Biographical Directory of the United States Congress, 1774 – Present (bioguide.congress.gov : viewed 27 February 2004), Jesse Lazear bio.
 Lucy Lazear, “Valedictory Address,” handwritten document, Waynesburg College Female Seminary, Class of 1853; archived at the Waynesburg University Paul R. Stewart Museum (Miller Hall, 51 W. College St.; Waynesburg, Pennsylvania 15370). Lucy (Lazear) Stephenson was the valedictorian of the women graduating from the Waynesburg College Female Seminary. A transcript of the original ten handwritten pages was created by Waynesburg University’s History 295 class led by Dr. Elesha Coffman, 30 January 2009. Students participating, in order of pages, were: Marisa Hodge, Breanne Tomi, Ricky Keys, Amber Churney, Sara Schieb, Chelsey Clark, David Burch, Seth Farley, Tyler Emmerson, and Laura Garcia. Transcript and digital scans of original document sent via Elesha Coffman, Waynesburg, Pennsylvania, to Candice Buchanan, email, 17 April 2009, “Valedictory address,” Waynesburg College Alumni; privately held by Buchanan, Pittsburgh, Pennsylvania, 2014.
 Waynesburg College, Annual Catalogue of Waynesburg College and Female Seminary for the Academic Year Ending September, 1853, photocopy reproduction only; cover and title page missing (N.p.: n.p., 1853), list of “Male Students For The Year Ending September, 1853,” Senior Class. Archived at the Waynesburg University Museum (Miller Hall, 51 W. College St.; Waynesburg, Pennsylvania 15370).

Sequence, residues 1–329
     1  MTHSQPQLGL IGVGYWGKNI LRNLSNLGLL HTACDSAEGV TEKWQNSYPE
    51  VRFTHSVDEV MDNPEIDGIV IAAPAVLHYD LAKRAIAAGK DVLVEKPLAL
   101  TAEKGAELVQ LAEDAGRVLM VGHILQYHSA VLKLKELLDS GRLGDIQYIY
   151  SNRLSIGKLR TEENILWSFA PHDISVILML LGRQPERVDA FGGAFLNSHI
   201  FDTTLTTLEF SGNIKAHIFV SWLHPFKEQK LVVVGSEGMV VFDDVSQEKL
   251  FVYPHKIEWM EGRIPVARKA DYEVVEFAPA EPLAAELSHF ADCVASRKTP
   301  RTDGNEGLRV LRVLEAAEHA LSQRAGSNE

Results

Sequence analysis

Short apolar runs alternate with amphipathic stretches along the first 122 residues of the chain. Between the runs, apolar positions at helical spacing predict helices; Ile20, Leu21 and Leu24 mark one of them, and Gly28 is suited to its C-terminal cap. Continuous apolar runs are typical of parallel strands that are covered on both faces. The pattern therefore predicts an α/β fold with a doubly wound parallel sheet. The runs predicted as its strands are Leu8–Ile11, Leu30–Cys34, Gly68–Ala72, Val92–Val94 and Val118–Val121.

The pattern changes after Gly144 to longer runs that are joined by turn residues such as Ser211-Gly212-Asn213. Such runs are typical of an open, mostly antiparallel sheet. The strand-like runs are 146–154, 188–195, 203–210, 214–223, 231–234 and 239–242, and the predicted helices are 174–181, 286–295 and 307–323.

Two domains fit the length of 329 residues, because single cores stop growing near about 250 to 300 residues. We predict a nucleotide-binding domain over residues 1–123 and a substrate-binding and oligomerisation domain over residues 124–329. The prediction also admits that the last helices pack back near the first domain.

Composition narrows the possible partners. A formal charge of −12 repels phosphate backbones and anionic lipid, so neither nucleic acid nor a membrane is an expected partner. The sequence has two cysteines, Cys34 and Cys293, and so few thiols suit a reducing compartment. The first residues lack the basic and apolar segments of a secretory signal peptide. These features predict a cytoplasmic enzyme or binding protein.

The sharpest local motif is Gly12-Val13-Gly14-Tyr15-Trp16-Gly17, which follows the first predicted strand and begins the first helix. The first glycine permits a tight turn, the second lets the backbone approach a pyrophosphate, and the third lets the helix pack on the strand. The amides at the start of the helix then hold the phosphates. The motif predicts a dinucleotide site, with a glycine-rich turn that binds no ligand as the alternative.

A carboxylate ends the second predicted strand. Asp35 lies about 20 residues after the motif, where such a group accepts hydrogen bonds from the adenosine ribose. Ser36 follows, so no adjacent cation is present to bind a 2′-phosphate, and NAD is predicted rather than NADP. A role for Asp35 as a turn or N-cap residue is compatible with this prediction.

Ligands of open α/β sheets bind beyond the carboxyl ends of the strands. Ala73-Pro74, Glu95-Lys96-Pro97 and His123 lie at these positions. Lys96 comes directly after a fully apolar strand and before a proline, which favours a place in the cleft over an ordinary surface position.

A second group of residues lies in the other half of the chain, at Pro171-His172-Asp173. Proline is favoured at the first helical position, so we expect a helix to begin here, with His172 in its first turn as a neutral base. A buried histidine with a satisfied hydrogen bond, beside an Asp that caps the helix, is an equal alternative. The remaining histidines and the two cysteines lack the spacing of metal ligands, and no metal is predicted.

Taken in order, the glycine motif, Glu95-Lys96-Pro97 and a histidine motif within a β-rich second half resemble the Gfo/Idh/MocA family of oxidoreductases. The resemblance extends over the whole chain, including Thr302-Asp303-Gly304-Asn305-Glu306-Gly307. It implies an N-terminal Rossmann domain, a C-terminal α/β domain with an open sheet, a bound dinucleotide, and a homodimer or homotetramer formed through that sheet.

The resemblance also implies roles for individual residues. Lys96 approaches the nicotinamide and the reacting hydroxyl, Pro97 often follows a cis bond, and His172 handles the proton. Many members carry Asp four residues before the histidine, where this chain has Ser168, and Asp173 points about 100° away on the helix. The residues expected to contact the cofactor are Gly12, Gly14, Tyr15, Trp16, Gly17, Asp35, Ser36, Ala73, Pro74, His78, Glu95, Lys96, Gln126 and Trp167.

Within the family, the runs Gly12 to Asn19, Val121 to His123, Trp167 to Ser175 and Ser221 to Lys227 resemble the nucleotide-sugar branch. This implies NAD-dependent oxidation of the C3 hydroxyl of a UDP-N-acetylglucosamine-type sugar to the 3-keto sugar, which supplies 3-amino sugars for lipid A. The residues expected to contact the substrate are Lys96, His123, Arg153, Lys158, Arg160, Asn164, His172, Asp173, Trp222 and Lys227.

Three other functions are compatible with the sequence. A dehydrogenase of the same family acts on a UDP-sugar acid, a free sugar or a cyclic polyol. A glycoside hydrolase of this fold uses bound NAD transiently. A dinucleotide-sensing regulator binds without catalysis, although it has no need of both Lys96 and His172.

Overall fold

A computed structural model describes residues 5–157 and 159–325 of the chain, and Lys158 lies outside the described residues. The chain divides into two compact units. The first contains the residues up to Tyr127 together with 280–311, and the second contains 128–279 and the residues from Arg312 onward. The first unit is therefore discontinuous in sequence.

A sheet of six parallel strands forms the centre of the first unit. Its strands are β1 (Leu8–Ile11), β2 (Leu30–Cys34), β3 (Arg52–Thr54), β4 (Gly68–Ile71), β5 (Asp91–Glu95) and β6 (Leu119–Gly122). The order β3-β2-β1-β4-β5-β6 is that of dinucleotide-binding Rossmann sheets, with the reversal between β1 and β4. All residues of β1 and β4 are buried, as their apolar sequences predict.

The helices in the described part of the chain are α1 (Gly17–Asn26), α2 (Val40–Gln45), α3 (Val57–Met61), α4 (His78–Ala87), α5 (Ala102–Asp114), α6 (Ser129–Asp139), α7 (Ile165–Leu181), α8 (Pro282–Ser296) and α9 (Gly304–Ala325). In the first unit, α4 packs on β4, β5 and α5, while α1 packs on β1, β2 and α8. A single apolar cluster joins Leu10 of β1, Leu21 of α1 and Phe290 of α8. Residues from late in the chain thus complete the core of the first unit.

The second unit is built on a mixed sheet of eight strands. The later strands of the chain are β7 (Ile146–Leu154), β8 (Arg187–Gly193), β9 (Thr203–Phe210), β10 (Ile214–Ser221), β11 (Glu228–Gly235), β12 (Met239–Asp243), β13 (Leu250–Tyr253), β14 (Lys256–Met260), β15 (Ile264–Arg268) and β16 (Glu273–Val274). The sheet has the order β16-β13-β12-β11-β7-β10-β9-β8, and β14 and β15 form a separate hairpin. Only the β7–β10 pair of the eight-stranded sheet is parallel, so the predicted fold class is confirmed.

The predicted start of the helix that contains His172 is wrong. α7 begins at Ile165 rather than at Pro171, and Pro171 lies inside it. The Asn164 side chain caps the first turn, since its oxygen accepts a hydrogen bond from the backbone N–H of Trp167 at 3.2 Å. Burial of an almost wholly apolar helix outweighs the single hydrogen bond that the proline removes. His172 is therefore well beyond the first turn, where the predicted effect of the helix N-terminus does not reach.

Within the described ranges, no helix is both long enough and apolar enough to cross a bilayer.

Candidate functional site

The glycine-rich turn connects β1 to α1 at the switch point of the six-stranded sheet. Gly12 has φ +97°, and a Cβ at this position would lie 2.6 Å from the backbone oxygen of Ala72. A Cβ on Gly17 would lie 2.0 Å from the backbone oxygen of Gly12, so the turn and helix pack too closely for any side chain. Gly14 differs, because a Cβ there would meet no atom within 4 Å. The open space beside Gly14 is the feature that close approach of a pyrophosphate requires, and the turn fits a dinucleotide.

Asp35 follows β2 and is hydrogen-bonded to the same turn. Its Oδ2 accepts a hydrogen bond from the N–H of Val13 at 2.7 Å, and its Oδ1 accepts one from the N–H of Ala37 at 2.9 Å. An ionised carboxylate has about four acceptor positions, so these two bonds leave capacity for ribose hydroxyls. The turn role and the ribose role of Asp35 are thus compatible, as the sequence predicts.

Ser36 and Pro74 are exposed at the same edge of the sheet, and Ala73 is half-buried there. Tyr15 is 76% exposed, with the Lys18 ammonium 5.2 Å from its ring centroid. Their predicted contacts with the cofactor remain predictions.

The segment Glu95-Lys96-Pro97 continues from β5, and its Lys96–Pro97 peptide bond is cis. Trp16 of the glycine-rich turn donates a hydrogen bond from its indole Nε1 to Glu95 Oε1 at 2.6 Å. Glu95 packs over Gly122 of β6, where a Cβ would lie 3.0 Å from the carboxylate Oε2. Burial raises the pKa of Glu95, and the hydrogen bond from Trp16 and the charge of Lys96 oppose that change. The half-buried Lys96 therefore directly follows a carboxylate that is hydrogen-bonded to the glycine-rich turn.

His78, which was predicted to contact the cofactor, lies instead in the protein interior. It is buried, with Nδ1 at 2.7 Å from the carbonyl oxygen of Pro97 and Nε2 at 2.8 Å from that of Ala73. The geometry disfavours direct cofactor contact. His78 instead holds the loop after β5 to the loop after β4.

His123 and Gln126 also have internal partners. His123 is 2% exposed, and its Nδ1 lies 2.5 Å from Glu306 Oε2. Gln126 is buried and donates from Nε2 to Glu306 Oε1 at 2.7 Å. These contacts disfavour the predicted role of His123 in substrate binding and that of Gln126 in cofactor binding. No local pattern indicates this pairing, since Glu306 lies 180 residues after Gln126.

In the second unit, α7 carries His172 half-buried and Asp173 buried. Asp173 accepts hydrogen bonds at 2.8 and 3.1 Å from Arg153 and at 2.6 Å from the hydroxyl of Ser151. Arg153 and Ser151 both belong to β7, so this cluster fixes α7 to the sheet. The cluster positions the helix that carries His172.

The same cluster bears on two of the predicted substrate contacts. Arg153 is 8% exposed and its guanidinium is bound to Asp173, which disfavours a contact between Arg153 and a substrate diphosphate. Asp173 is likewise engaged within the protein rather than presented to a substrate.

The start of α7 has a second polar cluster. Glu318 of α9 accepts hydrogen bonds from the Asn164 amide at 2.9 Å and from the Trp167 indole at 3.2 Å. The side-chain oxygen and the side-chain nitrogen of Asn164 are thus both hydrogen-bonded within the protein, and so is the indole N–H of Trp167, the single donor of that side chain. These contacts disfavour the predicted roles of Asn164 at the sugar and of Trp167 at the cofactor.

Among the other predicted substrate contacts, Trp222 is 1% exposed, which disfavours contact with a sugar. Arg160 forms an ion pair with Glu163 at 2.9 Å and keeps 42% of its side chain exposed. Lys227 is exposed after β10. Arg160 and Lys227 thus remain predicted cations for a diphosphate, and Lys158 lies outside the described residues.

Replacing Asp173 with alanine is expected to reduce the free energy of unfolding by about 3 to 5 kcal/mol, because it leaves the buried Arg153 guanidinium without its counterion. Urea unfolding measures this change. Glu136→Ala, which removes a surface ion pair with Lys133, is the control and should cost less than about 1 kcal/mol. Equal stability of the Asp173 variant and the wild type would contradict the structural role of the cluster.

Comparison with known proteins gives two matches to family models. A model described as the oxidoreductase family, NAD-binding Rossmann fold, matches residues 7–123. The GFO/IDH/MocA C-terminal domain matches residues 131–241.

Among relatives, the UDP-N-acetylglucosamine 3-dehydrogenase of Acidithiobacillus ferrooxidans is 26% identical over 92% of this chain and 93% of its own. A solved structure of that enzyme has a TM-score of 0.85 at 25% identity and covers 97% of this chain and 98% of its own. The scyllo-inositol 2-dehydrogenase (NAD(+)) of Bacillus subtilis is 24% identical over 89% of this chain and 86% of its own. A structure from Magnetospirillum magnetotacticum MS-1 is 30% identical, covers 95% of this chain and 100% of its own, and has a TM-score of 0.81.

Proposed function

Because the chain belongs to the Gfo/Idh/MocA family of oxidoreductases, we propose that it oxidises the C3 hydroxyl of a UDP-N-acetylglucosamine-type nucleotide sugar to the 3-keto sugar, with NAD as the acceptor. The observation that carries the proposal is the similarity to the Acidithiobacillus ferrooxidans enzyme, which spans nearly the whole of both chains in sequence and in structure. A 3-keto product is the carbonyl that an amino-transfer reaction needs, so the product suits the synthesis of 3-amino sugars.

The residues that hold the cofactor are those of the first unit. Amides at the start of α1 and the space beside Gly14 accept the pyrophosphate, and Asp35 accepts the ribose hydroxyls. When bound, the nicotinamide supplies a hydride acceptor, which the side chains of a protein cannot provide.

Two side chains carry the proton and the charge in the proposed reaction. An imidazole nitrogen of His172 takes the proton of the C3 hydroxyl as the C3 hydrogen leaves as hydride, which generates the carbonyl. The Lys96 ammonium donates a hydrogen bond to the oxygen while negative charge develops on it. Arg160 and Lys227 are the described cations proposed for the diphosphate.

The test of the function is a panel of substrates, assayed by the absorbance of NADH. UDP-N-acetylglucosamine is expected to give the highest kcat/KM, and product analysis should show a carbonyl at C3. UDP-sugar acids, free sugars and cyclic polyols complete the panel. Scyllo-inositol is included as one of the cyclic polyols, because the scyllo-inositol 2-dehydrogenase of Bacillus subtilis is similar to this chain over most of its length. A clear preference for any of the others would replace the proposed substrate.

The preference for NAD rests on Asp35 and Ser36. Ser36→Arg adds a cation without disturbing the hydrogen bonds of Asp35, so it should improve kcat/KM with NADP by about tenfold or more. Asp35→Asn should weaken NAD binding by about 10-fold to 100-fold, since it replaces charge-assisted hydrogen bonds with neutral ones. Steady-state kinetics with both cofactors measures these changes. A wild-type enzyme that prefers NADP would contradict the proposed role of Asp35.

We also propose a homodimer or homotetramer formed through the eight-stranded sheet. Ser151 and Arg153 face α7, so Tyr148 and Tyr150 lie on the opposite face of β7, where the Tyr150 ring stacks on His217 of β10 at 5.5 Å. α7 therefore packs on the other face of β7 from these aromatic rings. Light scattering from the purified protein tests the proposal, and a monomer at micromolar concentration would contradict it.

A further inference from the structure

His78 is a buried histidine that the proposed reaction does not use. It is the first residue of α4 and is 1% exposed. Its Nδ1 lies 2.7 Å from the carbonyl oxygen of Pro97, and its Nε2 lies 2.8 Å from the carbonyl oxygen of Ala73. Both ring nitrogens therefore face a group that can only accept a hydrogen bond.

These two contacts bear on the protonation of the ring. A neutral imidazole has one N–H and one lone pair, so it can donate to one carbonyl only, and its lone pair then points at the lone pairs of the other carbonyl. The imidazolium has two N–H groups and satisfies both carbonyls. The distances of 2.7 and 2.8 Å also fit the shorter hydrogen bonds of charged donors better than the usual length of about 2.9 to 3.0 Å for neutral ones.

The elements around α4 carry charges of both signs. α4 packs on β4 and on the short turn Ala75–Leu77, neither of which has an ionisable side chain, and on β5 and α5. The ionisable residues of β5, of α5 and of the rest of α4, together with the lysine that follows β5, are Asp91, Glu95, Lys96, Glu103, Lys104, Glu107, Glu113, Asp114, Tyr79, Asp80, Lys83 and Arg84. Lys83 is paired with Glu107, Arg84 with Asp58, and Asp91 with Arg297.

Waynesburg University (Waynesburg, Pennsylvania), matriculation cards, Lucy Ann (Lazear) Stephenson, Class of 1853. Lucy’s card includes a handwritten account of her education, marriage, and last illness.
 Alfred Brashear Miller, “Diary,” (manuscript, Waynesburg, Pennsylvania, 1856-1866), 1 January 1857 entry; archived at Waynesburg University, Office of the President (Miller Hall, 51 W. College St.; Waynesburg, Pennsylvania 15370), 2014. Obtained via auction, 2013.
By Candice Buchanan, Greene Connections Archivist
Originally published in Greene Speak, April 2006. Updated 21 February 2016 for Greene Connections blog.
The few photos initially in my family’s custody when I began researching over 20 years ago, has been one of the catalysts for launching the Greene Connections Archives Project. In searching for my own missing history, I discovered how much is out there in boxes, drawers, attics, closets, and so on, going unseen. It became a quest to find a way to preserve and share those items.
Henry Bowler and I met face to face, so to speak, for the first time, when my father’s cousin gave me his Cabinet Card photograph. As she put it in my hand, she commented that her son had hoped this scary looking fellow was no relation to us. She had dashed that hope by pointing out that he was our – her son’s and mine – third great grandfather. I was thrilled!